While it doesn't seem like much when compared to the IBR that completed this past weekend, my weekend jaunt was plenty of fun and I wanted to share. I left work early on Fri, leaving at 9:30. I headed east for Reno, NV and a friend (he's on this list) Tim O'Keefe. Tim had decided to go along with me to pick up a new tent trailer. The skies were grey and the weather forecast called for scattered thunderstorms all along the intended route. As I climbed the west side of the Sierra's on I-80, I climbed into the clouds or ground level fog. The chatter on the CB was it cleared once past the summit. The air was crisp and clean, and the temps were nice and cool. Cleared the summit and the skies were blue with just a few clouds. Got east of Reno to the appointed meeting place a little earlier than projected and waited a few minutes for Tim's arrival. Tim arrived and we were off to Fallon, NV for our first scheduled gas stop of the afternoon. We reached Fallon at 3:20 in the afternoon and off we went across the Nevada desert on Hwy 50, the loneliest Hwy. There are just enough clouds to keep the temps reasonable. With the sun at our backs and the few clouds in the sky to shadows thrown across the desert landscape make for some incredible views that are once in a lifetime. It will never look exactly the same again. Just short of 3 hours later we rolled into Eureka, NV for our next scheduled gas stop. Only 550 more miles to get to the scheduled meeting place where I'm picking up the trailer tomorrow morning. Continuing east we turn a little south on hwy 21 to Baker, Nv for our next gas stop before heading on to Beaver, UT. We are making great time having arrived in Beaver just before midnight. The weather has been real cooperative so far, but that is about to change. We jump on I-15 headed for I-70 and the splats of raindrops begin hitting the windshield. The next 350 miles we run pretty much in a constant falling rain as we push for Montrose, CO. The rain stops just long enough for us to make the needed gas stops or when we are running at slower speeds through towns. The results of this are we have stayed dry and just have very dirty bikes. We stop at a truck stop in Montrose, having arrived at 5:20 in the morning and the restaurant opens at 5:30. We enjoy a nice sit down breakfast for the first REAL food since I had breakfast yesterday morning at 8. The folks at the Sun Valley Truck Stop are real friendly and suggest we relax in the truckers lounge. We have some time to kill as the meeting isn't scheduled until 10:00. I called the owner of the trailer to let him know we have arrived, he is coming from 140 miles away, and hope we can move up the meeting time. I catch a power nap. Tim unbeknownst to me is looking for his mysteriously missing ignition key. Tim finds his key and we head over to the meeting place, the local Wal-Mart. We have time to kill still so I decide I'm going to get a 2 gal gas container so I can carry some spare gas for the return trip. We will be returning via Hwy 50 in the dead of night and now I'll be pulling a trailer. The owner shows up and we begin the exchange of information. He is a nice 64 year old guy with a beautiful Candyapple Red 1800 with a Hannigan side car. He bought a new Roll-a-Home trailer and then his wife decided she didn't like that style of camping. It was used 1 time, but he added a few nice things to it like air conditioning that he is throwing in. After a fun hour long conversation with GR and his friend Carl, I explain we have a long road home and need to by on our way. I have traveled just under 1100 miles from when I left Ca and we have mapped out a return to Reno that will allow for a SS2000 for me. It has been 23 1/2 hours since I left when we hit the road. The skies are slightly overcast but clearing to the west. The sun is now high in the sky and it is getting really warm. We stop in Green River, UT for gas and Tim and I both agree the heat has taken its toll. Our plans change on the fly for the first time as we alter our route to take the most direct path across hwy 50 to Reno. Should everything go right we will make Reno by midnight and if needed I can catch a nap at Tim's before continuing home. The one thing I have expressed is the need for more snacks and shorter legs between stops. We continue across the desert in the warm afternoon sun stopping more frequently and being better about snacking when we do. We are feeling much better as the sun sets in the west and the temps have cooled considerably. We are right on our time schedule when we pull into Fallon at 11:00 pm for the last gas stop before Reno. I have been getting about 35 mpg while pulling the trailer at freeway speeds so I'm very pleased. We are still 60 miles from Reno and I was feeling pretty beat - told Tim I was thinking of stopping for a cap nap, but as we continue to Reno I catch another wind. I let Tim know I'm going to continue on for home and we part company. Tim has managed about 1700 miles in about 33 hours. I have about 200 more miles to get home. The ride through the Sierras on Hwy 20 I have made many times during the daylight. It is a very different and unique experience riding this at night. I'm feeling the effects of nearly 2 days on the road when I reach the flat of the valley and stop for a cup of coffee. I feel the end is in sight and remember the experience of a rider I met at the Alamo Run a couple years ago (thanks, Dan) and refuse to allow myself to relax yet. I push on taking the extra time to stop for a minute or two here and there. I reach the gas station 1/2 mile from my house and get the final gas receipt. I pull into the garage at 5:00 in the morning having a new trailer home safe and sound and having completed 2091 miles in just under 44 hours.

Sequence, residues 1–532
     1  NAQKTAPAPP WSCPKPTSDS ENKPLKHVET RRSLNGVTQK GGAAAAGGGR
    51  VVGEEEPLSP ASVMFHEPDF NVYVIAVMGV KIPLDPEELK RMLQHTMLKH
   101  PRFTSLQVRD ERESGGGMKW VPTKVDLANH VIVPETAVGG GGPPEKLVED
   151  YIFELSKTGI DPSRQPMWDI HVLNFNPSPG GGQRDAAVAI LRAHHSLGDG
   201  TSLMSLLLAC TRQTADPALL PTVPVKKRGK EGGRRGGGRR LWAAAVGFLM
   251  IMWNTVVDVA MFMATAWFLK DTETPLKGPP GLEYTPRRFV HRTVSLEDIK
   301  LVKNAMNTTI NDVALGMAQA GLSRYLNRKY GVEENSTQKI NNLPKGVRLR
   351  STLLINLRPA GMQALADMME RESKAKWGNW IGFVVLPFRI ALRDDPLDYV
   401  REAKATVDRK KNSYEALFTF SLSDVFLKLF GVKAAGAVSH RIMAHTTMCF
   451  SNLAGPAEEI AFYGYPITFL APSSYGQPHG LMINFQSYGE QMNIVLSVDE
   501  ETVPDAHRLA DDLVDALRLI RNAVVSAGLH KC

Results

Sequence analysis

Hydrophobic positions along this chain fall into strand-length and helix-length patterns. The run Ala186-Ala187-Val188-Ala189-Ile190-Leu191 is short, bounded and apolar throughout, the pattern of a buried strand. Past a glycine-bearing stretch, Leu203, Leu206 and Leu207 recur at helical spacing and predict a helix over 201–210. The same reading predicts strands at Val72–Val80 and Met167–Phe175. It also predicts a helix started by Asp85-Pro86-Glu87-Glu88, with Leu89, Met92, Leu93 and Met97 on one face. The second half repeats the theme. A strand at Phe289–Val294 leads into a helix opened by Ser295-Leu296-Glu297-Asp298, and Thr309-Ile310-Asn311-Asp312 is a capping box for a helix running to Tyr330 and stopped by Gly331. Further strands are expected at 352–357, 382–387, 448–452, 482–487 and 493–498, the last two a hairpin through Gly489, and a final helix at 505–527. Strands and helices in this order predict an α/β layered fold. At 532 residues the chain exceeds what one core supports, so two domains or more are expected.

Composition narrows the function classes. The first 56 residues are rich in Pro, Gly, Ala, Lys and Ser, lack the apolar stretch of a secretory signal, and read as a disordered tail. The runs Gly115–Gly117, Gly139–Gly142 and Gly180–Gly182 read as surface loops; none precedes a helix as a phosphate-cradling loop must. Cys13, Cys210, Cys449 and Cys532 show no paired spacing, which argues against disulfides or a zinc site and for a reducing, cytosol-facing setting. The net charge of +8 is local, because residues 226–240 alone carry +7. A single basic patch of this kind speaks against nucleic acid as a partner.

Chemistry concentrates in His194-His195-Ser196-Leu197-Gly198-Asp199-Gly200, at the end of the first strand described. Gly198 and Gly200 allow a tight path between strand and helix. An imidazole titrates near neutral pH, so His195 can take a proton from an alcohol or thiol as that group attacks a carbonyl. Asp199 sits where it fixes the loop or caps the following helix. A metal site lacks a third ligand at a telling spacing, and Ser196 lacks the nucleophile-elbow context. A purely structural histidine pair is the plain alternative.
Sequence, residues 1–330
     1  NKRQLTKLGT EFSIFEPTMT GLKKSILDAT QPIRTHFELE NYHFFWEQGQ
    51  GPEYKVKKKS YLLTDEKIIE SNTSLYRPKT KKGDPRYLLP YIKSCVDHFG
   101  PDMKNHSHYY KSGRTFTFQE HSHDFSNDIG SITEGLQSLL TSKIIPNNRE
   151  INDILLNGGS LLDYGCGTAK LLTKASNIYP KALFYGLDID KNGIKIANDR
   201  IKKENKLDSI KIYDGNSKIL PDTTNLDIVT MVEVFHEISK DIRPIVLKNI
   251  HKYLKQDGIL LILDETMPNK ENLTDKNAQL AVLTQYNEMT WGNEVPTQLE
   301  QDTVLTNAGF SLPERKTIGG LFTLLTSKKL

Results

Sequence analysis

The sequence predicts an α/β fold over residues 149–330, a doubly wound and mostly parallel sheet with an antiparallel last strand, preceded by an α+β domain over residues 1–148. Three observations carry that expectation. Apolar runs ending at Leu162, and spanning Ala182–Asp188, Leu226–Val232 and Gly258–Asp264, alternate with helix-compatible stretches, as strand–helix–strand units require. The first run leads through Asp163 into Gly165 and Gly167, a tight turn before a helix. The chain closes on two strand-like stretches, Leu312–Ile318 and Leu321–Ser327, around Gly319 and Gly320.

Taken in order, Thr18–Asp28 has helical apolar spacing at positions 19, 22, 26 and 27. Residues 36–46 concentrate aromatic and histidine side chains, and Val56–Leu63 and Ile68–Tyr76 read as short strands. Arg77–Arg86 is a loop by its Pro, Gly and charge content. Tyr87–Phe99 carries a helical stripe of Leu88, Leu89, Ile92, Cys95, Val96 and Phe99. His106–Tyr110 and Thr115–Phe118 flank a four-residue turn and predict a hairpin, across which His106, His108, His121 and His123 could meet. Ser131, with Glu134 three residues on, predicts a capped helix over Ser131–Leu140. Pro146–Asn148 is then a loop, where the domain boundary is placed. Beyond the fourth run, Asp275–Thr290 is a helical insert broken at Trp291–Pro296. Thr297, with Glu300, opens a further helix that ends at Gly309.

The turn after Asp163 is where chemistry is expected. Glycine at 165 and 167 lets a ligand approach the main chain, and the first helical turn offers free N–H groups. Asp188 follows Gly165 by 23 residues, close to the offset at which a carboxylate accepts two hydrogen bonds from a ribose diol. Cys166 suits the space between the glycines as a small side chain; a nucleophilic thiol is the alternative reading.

Boy did my bed feel good.
Thanks for letting me share.
Clearlake Oaks, Ca
1991 GL1500 SE "Froggy"
2002 Roll-a-Home "The Hubbard Hotel"
Last Updated on August 27, 2003.